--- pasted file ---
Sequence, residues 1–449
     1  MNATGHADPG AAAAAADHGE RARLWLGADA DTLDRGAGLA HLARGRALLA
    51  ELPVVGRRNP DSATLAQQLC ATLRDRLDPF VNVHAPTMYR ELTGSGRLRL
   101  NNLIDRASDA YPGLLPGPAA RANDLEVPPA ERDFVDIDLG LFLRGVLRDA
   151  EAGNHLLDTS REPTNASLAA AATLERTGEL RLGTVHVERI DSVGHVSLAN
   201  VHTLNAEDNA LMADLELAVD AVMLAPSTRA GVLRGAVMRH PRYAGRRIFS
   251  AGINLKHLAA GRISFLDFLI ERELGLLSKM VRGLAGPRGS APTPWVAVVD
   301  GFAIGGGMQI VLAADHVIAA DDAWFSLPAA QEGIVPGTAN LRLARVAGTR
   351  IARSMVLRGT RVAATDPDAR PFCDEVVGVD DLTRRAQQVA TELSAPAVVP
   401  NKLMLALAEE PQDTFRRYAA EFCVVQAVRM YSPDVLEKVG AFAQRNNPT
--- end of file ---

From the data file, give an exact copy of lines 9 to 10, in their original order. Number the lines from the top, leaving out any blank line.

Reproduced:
   351  IARSMVLRGT RVAATDPDAR PFCDEVVGVD DLTRRAQQVA TELSAPAVVP
   401  NKLMLALAEE PQDTFRRYAA EFCVVQAVRM YSPDVLEKVG AFAQRNNPT